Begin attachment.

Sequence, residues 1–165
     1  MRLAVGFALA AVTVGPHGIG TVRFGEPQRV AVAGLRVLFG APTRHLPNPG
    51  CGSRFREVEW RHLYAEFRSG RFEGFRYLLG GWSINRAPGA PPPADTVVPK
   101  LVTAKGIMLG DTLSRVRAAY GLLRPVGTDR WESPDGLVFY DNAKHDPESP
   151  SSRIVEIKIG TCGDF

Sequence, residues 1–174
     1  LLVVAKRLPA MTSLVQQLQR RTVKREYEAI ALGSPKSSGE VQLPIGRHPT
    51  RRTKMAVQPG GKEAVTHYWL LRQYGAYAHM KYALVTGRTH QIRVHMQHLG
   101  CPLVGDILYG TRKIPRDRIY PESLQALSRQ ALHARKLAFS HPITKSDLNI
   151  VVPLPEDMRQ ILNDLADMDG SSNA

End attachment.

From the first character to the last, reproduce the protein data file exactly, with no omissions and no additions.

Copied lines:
Sequence, residues 1–165
     1  MRLAVGFALA AVTVGPHGIG TVRFGEPQRV AVAGLRVLFG APTRHLPNPG
    51  CGSRFREVEW RHLYAEFRSG RFEGFRYLLG GWSINRAPGA PPPADTVVPK
   101  LVTAKGIMLG DTLSRVRAAY GLLRPVGTDR WESPDGLVFY DNAKHDPESP
   151  SSRIVEIKIG TCGDF

Sequence, residues 1–174
     1  LLVVAKRLPA MTSLVQQLQR RTVKREYEAI ALGSPKSSGE VQLPIGRHPT
    51  RRTKMAVQPG GKEAVTHYWL LRQYGAYAHM KYALVTGRTH QIRVHMQHLG
   101  CPLVGDILYG TRKIPRDRIY PESLQALSRQ ALHARKLAFS HPITKSDLNI
   151  VVPLPEDMRQ ILNDLADMDG SSNA